The office market has seen significant changes this year, but there is good value in office investments.
The effects of COVID-19 have raised fundamental questions for the office sector, such as new approaches to space utilisation, the reassessment of premises strategy and the nature and scale of office demand, combined with the implications for rents and capital values.
Significant changes are already taking place, and a key question is whether these will be in place for the short-term or whether we are seeing structural shifts that will persist going forward.
Is it the right time to invest in office? How much value would office investments bring now? We sat down with Senior Director of Capital Markets and Investment Services Jerome Wright for his opinions on where he sees the Singapore Office Market going.
Q: What has been the economic impact on sales volume and asset pricing?
Despite investment transactions in the office sector stumbling in the first half (H1) of 2020, net absorption in Singapore increased in Q2 from the Q1 levels, reflecting fundamental strengths in the market. We are expecting to see transactions of office towers gradually resuming and price levels should remain relatively stable for premium buildings.
"We are expecting to see transactions of office towers gradually resuming and price levels should remain relatively stable for premium buildings."
While the investment market is unlikely to reach new benchmarks until the occupier market has stabilised, there has been limited distressed offerings in Singapore as a result of loose monetary conditions.
Q: What are the implications for office investment?
Investment sentiment is improving along with the resumption of business activity.
In the short term, there will likely be a divided approach in investor strategy involving either core, low-risk assets, or opportunistic purchases of discounted distressed properties.
We expect the office to retain a key role in corporate real estate strategy; home working will complement office work, not replace it. Offices in the central business district (CBD) with excellent location, accessibility and connectivity will continue to enjoy stable occupancy, making them attractive.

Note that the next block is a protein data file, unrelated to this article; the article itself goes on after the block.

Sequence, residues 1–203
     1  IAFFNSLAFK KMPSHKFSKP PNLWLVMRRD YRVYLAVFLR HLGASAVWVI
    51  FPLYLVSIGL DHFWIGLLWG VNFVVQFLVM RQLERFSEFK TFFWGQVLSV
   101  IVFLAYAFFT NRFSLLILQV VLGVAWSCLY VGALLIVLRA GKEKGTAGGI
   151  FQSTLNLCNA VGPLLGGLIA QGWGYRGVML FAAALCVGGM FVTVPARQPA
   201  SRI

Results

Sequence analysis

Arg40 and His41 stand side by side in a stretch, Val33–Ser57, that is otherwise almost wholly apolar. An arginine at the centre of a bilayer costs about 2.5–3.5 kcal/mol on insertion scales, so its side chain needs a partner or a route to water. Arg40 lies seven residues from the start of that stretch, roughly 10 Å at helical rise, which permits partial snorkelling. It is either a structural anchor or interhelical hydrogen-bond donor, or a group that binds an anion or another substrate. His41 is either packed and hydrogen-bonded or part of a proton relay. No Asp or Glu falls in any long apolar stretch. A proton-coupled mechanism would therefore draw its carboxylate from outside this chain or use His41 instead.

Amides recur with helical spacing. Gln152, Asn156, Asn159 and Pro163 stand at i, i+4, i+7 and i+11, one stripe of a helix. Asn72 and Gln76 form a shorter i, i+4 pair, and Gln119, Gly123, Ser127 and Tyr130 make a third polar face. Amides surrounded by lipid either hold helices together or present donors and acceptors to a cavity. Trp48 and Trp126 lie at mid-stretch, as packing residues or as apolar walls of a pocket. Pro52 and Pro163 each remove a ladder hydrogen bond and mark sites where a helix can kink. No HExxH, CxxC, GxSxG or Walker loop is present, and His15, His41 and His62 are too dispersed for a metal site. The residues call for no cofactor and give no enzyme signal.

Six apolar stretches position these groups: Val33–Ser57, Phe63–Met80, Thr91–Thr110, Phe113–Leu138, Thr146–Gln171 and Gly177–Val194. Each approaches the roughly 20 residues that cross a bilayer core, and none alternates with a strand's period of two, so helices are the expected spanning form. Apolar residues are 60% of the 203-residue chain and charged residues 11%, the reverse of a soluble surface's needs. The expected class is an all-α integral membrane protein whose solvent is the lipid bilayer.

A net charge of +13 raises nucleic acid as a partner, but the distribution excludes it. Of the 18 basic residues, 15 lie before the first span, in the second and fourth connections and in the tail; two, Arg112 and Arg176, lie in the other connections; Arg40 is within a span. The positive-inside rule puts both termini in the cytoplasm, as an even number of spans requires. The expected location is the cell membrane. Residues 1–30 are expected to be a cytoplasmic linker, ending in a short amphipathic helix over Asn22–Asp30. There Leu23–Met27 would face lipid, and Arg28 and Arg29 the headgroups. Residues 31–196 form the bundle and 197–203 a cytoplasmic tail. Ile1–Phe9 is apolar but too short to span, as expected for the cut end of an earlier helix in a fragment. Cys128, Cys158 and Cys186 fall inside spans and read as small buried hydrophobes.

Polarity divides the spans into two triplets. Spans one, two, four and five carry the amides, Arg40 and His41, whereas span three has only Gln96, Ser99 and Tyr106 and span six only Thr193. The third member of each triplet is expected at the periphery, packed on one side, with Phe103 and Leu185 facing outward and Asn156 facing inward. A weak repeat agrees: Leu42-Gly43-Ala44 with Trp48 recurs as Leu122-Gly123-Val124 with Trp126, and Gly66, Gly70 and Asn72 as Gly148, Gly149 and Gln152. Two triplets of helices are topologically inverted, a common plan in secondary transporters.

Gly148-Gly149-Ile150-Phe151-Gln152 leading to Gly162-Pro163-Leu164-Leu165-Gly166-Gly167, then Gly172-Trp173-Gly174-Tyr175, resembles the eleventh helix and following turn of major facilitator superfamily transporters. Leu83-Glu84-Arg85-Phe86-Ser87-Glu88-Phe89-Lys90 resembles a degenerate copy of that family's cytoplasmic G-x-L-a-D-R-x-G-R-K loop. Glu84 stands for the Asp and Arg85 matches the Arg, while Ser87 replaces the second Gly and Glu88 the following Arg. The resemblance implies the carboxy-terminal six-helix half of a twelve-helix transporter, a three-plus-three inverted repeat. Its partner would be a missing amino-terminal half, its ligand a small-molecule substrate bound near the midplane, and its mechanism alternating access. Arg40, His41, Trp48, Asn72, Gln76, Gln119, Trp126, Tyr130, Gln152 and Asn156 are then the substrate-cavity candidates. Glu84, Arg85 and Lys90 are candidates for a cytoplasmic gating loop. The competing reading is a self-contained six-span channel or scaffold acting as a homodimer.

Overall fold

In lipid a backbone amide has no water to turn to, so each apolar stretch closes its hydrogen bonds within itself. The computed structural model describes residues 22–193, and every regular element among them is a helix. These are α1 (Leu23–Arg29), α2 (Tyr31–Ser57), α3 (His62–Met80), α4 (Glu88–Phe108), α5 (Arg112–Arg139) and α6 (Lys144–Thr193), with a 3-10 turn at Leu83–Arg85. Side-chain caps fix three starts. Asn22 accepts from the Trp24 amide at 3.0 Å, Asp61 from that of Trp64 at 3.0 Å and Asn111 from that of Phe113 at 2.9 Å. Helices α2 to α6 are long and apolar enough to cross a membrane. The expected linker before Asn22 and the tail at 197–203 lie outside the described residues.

Related content: Asia Pacific Office Market H1 2020 Review and Five-Year Outlook
"We can still find good value in commercial assets, with new developments attracting greatest interest from investors. It is the new developments with high specifications that will meet the occupation needs of the occupiers."
Looking ahead, investors will likely assign a premium to buildings with very high standards of hygiene, sanitation and wellness certification.
Singapore Grade A office assets are still expected to achieve a five-year average annual rent growth of 3.3%. Office assets in decentralised areas and business parks may also be attractive, as these districts are likely to benefit from demand for partial relocation to cheaper areas and satellite offices.
Occupiers looking for cost savings will likely consider leasing space outside the CBD or making use of flexible workspace. One other consideration is the appetite for flexibility in lease commitments. As occupiers gravitate to shorter-term lease commitments, a shorter income stream with implications for valuations and hold periods is created.
Over the coming quarters, we expect tenants to have a greater chance of negotiating shorter leases than before the downturn. Investors will need to take into consideration the willingness of landlords to accommodate occupiers’ desire for shorter leases and their ability to do so.
Q: Should investors still consider the office market?
Yes, while taking new approaches into consideration.
Overall, we can still find good value in commercial assets, with new developments attracting greatest interest from investors. It is the new developments with high specifications that will meet the occupation needs of the occupiers.
"Investors should also consider looking past traditional CBDs to decentralised districts and business parks, given the changing definition of ‘core’. They should consider tactical partnerships with flexible operators to attract and retain tenants."
The new models and possibilities that are emerging will also require investors to look beyond standard valuations. Investors should also consider looking past traditional CBDs to decentralised districts and business parks, given the changing definition of ‘core’. They should consider tactical partnerships with flexible operators to attract and retain tenants by extending services and offerings.
Whilst there is short term pressure on flexible workspace operators – with the current reduced occupancy loads, and work from home policies – investors should be open to properties occupied or managed by flexible workspace operators, or even enter partnerships with these operators.
This arrangement provides flexibility for landlords and allows a more versatile approach, such as considering new management and leasing structures as opposed to the traditional way of corporate anchor tenants.
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